When we think about technology these days, there is a slight undercurrent of scepticism. With many living in an ‘always on’ culture, we are so often reminded to put our phones down, disconnect from the digital world and interact with the real world more. And whilst this is certainly advice worth following, in practice it isn’t always easy and can seem altogether unmanageable.
Instead of simply trying to cut down the overall time spent on your phone, it can also help to take the approach of making tech work for you. Being able to fill every spare moment with something on our phone can make us feel busier than we really are, whilst actually detracting from productivity. But by tailoring what is on your phone so that it best serves you and your individual needs, it can become a helpful tool in improving resilience, wellbeing and efficiency, rather than a drain on these things.
Below are several areas in which tech can be used to support resilience:
Time management – A good time-tracking app can be a hugely valuable tool in maximising productivity and minimising stress. These can be used to plan your day, allocating time for breaks and acting as a timer to ensure you keep on schedule. There are also apps that record how you spend time on your phone, so if you feel like you lose a lot of time this way, these could be a great starting point for knowing where to try to cut down.
Mental wellbeing – ‘Wellness’ apps are everywhere at the moment. If you download too many, you won’t end up using them regularly, so it’s best to pick one or two to really focus on. A combination of a meditation (or other relaxation) app and a mood-tracking app can be highly effective – or you might find the two combined. Together, these practices can not only decrease stress and increase positive mood but also arm you with insight into your own patterns of feelings and emotions and how these are influenced by different factors.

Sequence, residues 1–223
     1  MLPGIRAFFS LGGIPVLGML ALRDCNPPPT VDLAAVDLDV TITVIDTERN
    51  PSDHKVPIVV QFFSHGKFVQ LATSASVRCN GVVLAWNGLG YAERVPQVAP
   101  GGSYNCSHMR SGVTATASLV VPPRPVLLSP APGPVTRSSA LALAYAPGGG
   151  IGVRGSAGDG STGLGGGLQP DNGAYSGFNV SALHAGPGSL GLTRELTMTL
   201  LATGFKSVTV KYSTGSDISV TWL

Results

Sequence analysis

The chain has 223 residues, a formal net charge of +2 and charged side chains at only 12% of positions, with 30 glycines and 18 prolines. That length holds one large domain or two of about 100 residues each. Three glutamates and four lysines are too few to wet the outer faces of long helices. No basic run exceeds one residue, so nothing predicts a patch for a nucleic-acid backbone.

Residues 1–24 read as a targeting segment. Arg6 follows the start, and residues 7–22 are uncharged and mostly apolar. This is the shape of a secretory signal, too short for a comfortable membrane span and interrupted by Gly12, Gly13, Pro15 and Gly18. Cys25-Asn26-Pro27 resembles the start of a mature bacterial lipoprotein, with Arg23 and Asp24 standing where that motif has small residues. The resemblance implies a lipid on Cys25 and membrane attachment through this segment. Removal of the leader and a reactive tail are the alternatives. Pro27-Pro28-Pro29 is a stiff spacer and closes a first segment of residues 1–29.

Physical activity – Exercise apps are also plentiful, with many linked to wearable devices. Even without these accessories, these apps can remind you to get up and move regularly, guide you through workout routines, track your activity and coach you to reach your fitness goals. Whether you choose running, yoga, walking or anything else, regular exercise is a sure-fire way to boost your mood and personal resilience – and these apps can provide much-needed support with creating and maintaining a regular routine.
Habit tracking – This one will vary greatly depending on your personal goals, but the principle remains the same. Whatever healthy habits you are trying to cultivate, it can take some time to get into a reliable routine with them. Tracking your efforts can provide encouragement and show you how far you’ve come – whether you’re trying to get more fresh air, read something every day, learn a new language… just about anything can benefit from being tracked, at least until the habit is truly ingrained.
Conscious social media use – Social media’s reputation has suffered a great deal recently. Whilst some people (and companies) are choosing to abandon it altogether, it might be worth considering whether you can turn things around and use it to your advantage. This may take a bit of a digital tidy-up and a spree of unfollowing, to pave the way for meaningful connections on whichever platform(s) you choose. If an account that you follow doesn’t make you feel good or provide something of value to you, consider whether you’d be better off not seeing its posts. Aim to tailor your feed so that it’s filled with positive, healthy inspiration and informative posts from people and/or organisations you care about. Even then, remember not to get caught up in never-ending scrolling – aim to limit your social media time each day.
Spending tracking – Whilst looking at your bank balance may not seem conducive to wellbeing at first, keeping on top of your finances and being fully aware of the state of your spending removes the dreaded feeling of not quite knowing. Apps that track your spending across multiple accounts and cards are really helpful here, highlighting how your income ends up being distributed across different areas such as bills, rent/mortgage, groceries, socialising etc. This can be incredibly enlightening and equips you with the knowledge to make more informed, confident decisions when it comes to budgeting, spending and saving.
In today’s world, the choice of apps can be overwhelming. If something isn’t working for you, it‘s worth trying a few other options – you’re bound to find one that suits you, that you will enjoy using and stick with. If you’re not sure where to start and are looking for some initial ideas, here are a few previous suggestions from us.